The CCC operated an entirely separate division for Native Americans, the Indian Emergency Conservation Work, IECW, or CCC-ID. It brought Indian men from reservations to work on roads, bridges, schools, clinics, shelters, and other public works in or near their reservations. The CCC often provided the only paid work in remote reservations. There were no age limits for CCC-ID enrollees. In 1933 about half the male heads of households on the Sioux reservations in South Dakota, for example, were employed by the CCC-ID. Thanks to grants from the PWA the Indian Division built schools and operated an extensive road-building program in and around many reservations. IECW differed from other CCC activities in that it explicitly trained men to be carpenters, truck drivers, radio operators, mechanics, surveyors, and technicians. A total of 85,000 Indians were enrolled. This proved valuable human capital for the 24,000 Indians who served in the military and the 40,000 who left the reservations for war jobs in the cities.


Although the CCC was the most popular New Deal program, it never became a permanent agency. The Gallup poll of April 18, 1936, asked, "Are you in favor of the CCC camps?" 82% said "YES", including 92% of Democrats and 67% of Republicans.[1]

The last extension passed by Congress was in 1939. After the draft began in 1940 there were fewer and fewer eligible young men. When war was declared in December 1941, most CCC camps except for wildland firefighting, were relocated onto military bases to help with construction there. The agency disbanded one year earlier than planned, after Congress voted to cut off funding for the CCC entirely after June 30, 1942.


  • American Youth Commission. Youth and the Future: The General Report of the American Youth Commission American Council on Education, 1942
  • Cole, Olen Jr. The African-American Experience in the Civilian Conservation Corps (1999)
  • Cornebise, Alfred Emile. The CCC Chronicles: Camp Newspapers of the Civilian Conservation Corps, 1933-1942. McFarland, 2004. 286 pp
  • Gower, Calvin W. "The CCC Indian Division: Aid for Depressed Americans, 1933-1942," Minnesota History 43 (Spring 1972) 7-12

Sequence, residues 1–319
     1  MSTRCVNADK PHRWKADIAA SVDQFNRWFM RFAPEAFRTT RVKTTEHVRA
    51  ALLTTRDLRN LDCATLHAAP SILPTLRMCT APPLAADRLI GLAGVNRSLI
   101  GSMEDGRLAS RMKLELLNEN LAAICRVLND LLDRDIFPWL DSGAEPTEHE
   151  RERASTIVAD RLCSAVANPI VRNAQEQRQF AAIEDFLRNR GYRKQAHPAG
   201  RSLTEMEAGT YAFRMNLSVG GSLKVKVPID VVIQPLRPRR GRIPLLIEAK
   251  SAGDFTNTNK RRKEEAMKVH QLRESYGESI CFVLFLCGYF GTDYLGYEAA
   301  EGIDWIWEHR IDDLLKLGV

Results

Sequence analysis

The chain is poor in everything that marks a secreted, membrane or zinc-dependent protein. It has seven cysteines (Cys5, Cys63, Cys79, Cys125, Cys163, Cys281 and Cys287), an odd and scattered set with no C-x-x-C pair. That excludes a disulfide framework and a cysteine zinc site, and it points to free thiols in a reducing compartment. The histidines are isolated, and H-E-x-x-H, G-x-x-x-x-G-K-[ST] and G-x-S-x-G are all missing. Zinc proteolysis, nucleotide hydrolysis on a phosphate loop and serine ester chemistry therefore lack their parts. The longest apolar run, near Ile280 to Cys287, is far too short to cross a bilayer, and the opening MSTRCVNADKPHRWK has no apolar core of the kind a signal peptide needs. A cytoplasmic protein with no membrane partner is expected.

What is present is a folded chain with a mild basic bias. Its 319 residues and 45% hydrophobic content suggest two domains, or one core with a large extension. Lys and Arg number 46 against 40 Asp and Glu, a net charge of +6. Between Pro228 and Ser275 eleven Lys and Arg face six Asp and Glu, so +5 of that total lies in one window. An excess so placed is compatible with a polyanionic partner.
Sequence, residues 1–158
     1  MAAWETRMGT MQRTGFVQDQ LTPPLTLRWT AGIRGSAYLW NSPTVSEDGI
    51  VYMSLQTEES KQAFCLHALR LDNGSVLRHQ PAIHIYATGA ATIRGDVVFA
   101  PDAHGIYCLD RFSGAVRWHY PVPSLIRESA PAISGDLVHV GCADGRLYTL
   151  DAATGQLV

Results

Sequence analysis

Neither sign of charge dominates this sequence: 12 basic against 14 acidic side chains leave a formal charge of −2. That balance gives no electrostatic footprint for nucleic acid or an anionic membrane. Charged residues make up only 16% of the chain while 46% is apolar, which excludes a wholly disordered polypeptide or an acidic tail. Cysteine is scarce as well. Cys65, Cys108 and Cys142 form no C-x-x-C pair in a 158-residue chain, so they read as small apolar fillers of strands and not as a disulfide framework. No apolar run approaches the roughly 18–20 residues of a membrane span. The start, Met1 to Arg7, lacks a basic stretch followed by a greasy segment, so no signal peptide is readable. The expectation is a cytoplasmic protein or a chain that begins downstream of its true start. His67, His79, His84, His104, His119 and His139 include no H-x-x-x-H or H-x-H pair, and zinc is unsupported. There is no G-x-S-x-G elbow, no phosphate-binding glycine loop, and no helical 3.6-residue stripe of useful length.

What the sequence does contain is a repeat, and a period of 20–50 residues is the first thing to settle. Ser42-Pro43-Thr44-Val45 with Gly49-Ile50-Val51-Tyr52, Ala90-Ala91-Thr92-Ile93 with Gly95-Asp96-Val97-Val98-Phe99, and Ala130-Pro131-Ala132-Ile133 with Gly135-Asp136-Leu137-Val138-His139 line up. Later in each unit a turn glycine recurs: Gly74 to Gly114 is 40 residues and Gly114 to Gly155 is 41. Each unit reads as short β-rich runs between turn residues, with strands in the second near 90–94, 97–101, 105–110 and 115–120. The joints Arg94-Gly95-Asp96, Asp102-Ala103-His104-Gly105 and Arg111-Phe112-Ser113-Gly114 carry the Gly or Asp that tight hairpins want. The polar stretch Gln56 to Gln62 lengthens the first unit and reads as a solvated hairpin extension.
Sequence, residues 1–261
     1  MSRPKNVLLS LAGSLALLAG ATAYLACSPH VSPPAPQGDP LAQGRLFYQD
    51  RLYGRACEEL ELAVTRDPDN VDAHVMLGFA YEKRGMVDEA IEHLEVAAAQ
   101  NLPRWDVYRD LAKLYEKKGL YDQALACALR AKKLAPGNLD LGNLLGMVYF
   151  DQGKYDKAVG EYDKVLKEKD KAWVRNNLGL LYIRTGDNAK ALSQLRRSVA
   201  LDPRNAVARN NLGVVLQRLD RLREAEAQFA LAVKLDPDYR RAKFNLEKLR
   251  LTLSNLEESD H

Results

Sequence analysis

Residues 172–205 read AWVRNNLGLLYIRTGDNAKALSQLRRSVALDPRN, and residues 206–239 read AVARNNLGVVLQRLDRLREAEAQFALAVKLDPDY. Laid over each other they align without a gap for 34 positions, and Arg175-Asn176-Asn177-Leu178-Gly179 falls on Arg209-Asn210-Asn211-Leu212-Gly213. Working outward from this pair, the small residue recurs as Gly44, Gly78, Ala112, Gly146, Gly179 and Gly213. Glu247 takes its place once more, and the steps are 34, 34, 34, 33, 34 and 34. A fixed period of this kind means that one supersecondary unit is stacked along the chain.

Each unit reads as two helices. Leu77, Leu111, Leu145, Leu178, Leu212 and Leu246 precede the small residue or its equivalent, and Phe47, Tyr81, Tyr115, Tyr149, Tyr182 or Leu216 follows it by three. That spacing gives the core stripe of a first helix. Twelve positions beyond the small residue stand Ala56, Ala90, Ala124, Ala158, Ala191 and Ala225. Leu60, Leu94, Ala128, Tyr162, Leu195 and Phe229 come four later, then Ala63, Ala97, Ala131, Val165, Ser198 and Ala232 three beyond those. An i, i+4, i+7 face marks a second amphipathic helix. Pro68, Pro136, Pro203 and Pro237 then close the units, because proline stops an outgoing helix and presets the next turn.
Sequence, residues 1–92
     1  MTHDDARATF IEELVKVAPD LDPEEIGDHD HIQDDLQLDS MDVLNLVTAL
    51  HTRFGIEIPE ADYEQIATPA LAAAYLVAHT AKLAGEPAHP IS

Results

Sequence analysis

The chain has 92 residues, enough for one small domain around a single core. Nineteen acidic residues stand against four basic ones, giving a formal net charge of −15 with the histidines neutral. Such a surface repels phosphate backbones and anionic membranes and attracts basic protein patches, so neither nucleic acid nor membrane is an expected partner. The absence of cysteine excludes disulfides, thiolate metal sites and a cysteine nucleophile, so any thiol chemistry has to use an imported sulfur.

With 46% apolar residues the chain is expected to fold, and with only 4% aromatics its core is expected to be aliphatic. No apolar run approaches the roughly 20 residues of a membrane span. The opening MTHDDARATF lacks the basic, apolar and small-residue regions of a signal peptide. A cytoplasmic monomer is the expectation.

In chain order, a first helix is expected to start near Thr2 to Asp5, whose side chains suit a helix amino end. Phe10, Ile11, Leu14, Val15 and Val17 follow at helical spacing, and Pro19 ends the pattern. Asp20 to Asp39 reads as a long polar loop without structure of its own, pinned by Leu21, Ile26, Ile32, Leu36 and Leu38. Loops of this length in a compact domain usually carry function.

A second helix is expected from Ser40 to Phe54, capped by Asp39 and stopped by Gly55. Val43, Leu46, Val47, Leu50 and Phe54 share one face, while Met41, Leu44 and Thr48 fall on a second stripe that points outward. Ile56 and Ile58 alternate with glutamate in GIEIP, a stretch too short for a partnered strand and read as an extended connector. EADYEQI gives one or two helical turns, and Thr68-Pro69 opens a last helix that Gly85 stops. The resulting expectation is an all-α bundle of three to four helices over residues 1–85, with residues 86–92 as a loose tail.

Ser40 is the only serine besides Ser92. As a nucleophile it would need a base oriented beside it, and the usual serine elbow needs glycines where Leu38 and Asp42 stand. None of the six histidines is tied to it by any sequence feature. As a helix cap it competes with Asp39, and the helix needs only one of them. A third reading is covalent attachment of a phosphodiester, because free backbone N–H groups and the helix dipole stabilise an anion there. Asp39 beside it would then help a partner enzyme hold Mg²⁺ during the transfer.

• Douglas Helms, "The Civilian Conservation Corps: Demonstrating the Value of Soil Conservation" in Journal of Soil and Water Conservation 40 (March-April 1985): 184-188.
  • Hendrickson Jr.; Kenneth E. "Replenishing the Soil and the Soul of Texas: The Civilian Conservation Corps in the Lone Star State as an Example of State-Federal Work Relief during the Great Depression" The Historian, Vol. 65, 2003
  • Hill, Edwin G. In the Shadow of the Mountain: The Spirit of the CCC. (1990)
  • Holland, Kenneth, and Frank Ernest Hill. Youth in the CCC (1938) detailed description of all major activities
  • Jolley, Harley E. That Magnificent Army of Youth and Peace: The Civilian Conservation Corps in North Carolina, 1933-1942 (2007)
  • Kolvet, Renée Corona, and Victoria Ford. The Civilian Conservation Corps in Nevada: From Boys to Men. (2006) 2240 pp. isbn 978-0-87417-676-6.
  • Maher, Neil M. Nature's New Deal: The Civilian Conservation Corps and the Roots of the American Environmental Movement (2007) excerpt and text search
  • Moore, Robert J. The Civilian Conservation Corps In Arizona's Rim Country: Working In The Woods (2006) excerpt and text search
  • Paige, John C. The Civilian Conservation Corps and the National Park Service, 1933-1942: An Administrative History National Park Service, 1985
  • Parman, Donald L. The Navajos and the New Deal (1969)
  • Parman, Donald L. "The Indian and the CCC," Pacific Historical Review 40 (February 1971): pp 54+ in JSTOR
  • Patel, Kiran Klaus. Soldiers of Labor. Labor Service in Nazi Germany and New Deal America, 1933-1945 (2005) excerpt and text search
  • Salmond John A. The Civilian Conservation Corps 1933-1942: a New Deal case study. (1967), the only scholarly history of the entire CCC
  • Salmond, John A. "The Civilian Conservation Corps and the Negro," The Journal of American History, Vol. 52, No. 1. (Jun., 1965), pp. 75–88. in JSTOR
  • Sherraden, Michael W. "Military Participation in a Youth Employment Program: The Civilian Conservation Corps," Armed Forces & Society, vol. 7, no. 2, pp. 227–245, April 1981 pp 227–245; ISSN 0095-327X available online from SAGE Publications
  • Speakman, Joseph M. "The New Deal Arrives in Penn's Woods: the Beginnings of the Civilian Conservation Corps in Pennsylvania." Pennsylvania Magazine of History and Biography 2006 130(2): 211-232. Issn: 0031-4587 Fulltext: History Cooperative
  • Steely, James W. "Parks for Texas: Enduring Landscapes of the New Deal" (1999), detailing the interaction of local, state and federal agencies in organizing and guiding CCC work. excerpt and text search
  • Wilson, James; "Community, Civility, and Citizenship: Theatre and Indoctrination in the Civilian Conservation Corps of the 1930s" Theatre History Studies, Vol. 23, 2003 pp 77–92 online edition

External links


  1. Public Opinion, 1935-1946 ed. by Hadley Cantril and Mildred Strunk 1951. Page 111